This week we did a podcast on the Quantified Self and lifelogging, something I’ve been interested in ever since I read Gordon Bell and Jim Gemmell’s book Total Recall: How the E-memory Revolution Will Change Everything. We’re in a place and time where documenting our lives has never been easier. Smart phones and ‘always on technology’ make it easy for us to document everything and with memory, both in the cloud and physically, getting cheaper, we don’t have to worry about running out space to store all the things we document.
In this post, I’ll share with you some of the apps I use to quantify myself. I talk about these on the podcast, but here’s a quick list for you to check out:
Optimized is probably my favourite of the lifelogging and quantified self apps because you can track everything here. It comes already configured with four major categories – Health, Creativity, Routine, and Pleasure. There’s a ton sub-categories under each of these headings. Plus you can customise the app to track whatever like.
Optimized – Lifelogging and Quantified Self app helps you record your life to improve it. Simply track your everyday activities, places you visit, people you meet, your mood and many other things. Optimized automatically translates your lifelogging data into your personal insights: How does walking affect your sleep? How does your work influence your health? How do other people affect your mood? Optimized answers all of these and many more questions to provide you with decision support and motivation in your everyday life. Optimized respects your privacy – All your data stays locally inside the app.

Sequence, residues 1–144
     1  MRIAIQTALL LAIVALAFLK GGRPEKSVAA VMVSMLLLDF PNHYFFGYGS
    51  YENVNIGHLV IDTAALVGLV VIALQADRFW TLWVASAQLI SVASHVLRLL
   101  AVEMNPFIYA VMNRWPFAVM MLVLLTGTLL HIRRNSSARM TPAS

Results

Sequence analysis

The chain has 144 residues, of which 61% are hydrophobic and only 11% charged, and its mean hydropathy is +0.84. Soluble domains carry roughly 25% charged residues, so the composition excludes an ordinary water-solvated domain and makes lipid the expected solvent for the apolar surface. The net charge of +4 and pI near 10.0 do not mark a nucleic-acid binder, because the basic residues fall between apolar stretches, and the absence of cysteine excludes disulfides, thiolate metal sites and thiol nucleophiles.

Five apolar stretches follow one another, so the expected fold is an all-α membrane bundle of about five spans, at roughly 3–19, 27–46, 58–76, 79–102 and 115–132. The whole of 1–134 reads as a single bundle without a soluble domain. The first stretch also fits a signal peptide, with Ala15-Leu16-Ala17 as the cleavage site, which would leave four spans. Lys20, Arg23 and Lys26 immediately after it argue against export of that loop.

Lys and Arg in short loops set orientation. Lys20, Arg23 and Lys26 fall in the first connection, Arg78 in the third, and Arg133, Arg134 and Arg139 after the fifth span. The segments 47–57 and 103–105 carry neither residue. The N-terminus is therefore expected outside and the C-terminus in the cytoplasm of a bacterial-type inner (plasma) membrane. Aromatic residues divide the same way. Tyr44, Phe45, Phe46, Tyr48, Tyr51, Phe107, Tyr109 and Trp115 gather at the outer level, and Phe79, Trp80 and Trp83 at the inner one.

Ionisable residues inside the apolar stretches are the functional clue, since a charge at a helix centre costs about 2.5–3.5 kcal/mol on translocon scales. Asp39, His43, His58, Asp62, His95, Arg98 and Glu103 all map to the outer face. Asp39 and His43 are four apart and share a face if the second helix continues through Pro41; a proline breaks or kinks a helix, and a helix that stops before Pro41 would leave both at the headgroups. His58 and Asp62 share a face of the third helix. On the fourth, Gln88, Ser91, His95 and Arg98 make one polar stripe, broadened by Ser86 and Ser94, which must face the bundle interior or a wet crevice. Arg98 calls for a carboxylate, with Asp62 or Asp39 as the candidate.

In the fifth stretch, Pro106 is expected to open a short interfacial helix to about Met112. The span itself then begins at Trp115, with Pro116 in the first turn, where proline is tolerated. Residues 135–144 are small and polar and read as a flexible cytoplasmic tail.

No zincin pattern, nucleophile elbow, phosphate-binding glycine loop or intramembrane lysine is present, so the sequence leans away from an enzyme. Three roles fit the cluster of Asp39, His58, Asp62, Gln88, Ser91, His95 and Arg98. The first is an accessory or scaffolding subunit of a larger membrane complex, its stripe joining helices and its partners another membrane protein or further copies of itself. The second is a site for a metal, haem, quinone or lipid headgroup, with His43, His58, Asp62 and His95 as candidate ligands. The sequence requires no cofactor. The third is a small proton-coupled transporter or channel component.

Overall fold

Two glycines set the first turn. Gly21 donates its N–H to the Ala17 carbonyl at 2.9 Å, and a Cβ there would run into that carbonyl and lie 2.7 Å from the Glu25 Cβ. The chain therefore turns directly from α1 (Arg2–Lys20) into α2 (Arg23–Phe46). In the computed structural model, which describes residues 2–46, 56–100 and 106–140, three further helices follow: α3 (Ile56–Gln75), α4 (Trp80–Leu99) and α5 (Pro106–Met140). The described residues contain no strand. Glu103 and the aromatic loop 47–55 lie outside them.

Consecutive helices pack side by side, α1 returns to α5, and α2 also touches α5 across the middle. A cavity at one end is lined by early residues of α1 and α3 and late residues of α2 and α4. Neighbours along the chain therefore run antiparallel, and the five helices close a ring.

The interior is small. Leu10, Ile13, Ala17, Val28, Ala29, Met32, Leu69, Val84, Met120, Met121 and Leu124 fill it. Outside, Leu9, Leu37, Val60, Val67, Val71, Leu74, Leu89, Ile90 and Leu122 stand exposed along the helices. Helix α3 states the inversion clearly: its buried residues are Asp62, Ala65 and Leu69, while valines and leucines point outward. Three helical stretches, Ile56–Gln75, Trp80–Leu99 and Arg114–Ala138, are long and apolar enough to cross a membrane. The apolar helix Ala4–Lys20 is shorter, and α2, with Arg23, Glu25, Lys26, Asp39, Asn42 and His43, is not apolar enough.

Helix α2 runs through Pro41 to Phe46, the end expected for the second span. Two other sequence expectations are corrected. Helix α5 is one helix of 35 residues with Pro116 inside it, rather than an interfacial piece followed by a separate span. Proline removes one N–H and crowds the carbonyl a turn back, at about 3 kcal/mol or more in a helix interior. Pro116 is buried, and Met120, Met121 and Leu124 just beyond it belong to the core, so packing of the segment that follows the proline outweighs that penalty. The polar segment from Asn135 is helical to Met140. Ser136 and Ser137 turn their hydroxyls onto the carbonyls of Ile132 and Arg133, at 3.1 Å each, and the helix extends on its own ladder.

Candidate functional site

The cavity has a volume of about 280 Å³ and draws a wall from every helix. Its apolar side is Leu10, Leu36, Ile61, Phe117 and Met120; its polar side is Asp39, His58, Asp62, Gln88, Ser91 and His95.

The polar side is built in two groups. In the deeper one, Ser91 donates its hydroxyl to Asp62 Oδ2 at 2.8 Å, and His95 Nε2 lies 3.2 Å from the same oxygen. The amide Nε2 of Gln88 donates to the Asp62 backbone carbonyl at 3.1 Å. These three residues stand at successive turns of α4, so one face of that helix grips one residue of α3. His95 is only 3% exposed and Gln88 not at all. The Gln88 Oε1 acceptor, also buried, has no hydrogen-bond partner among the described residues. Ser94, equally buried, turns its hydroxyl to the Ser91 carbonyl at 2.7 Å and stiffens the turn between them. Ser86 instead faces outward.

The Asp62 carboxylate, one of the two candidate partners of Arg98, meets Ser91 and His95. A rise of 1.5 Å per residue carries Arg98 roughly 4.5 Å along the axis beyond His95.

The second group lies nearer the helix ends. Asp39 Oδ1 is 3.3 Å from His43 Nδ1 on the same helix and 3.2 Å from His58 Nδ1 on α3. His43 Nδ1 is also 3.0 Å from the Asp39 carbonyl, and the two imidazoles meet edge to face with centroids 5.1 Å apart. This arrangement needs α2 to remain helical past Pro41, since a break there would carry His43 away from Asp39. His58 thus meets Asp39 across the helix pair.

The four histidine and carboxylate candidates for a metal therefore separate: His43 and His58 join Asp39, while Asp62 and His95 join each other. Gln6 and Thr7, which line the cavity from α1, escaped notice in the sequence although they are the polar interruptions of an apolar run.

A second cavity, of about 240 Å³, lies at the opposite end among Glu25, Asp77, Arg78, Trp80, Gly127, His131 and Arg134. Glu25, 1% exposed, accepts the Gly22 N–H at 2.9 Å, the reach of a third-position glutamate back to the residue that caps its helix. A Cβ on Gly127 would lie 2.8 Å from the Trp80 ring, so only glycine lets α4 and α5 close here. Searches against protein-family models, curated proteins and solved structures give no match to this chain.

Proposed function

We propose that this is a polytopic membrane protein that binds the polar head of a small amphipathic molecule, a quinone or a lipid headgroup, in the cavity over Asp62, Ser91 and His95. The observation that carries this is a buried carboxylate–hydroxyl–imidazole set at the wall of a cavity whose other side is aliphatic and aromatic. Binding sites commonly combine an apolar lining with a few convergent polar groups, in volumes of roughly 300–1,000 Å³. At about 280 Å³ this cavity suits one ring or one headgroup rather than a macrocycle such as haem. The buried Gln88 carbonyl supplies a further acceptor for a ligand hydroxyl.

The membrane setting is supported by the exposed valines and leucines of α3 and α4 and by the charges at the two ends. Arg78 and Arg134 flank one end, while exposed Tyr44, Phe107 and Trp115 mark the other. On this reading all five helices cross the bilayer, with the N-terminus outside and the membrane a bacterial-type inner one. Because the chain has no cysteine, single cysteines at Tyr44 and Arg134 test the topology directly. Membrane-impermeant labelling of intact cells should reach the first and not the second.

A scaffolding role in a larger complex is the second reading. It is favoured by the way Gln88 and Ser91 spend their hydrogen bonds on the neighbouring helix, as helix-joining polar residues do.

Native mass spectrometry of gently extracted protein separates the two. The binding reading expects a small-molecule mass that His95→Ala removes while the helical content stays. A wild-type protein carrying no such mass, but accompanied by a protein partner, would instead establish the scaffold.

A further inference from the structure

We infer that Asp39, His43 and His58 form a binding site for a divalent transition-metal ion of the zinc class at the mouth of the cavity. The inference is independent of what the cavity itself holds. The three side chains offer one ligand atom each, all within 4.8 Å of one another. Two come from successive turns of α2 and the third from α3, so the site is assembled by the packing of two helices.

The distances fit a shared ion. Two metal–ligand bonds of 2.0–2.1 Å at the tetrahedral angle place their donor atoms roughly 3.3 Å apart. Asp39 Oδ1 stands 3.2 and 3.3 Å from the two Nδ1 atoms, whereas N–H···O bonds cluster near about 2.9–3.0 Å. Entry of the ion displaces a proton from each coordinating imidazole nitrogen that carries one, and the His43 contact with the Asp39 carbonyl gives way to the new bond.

My next used app is Reporter. I like it because it randomly prompts you throughout your day to record what you’re doing at any given moment. This is cool because you get to see the frequency of what you’re tracking. Reporter is also customisable so you track what’s important to you. It’s not as colourful as Optimized and doesn’t track the duration, just the instance. But the random prompt is the selling point for me.
Reporter is an application for tracking the things you care about. With a few randomly timed surveys each day, Reporter can illuminate aspects of your life that might be otherwise unmeasurable.
The beauty of Memento as a lifelogging app is that in addition to your manual entries, it pulls from your social media feeds like Facebook, Twitter, Instagram, and Swarm among others. You can use it as a dairy or daily journal. I mainly use it for the automatic collating of my social media feeds, plus taking a photo at the random prompts that happen throughout the day.
Introducing Momento — the smart private diary/journal app that helps you capture and collect memories to search, explore, relive and share your life story. Momento not helps you privately capture moments in just a few taps (with notes, photos, videos, people, places and tags).
I don’t have an Apple Watch yet, so to capture my heart rate data, I use Heart Rate Plus. I check my resting heart rate and occasional capture my heart rate after exercising.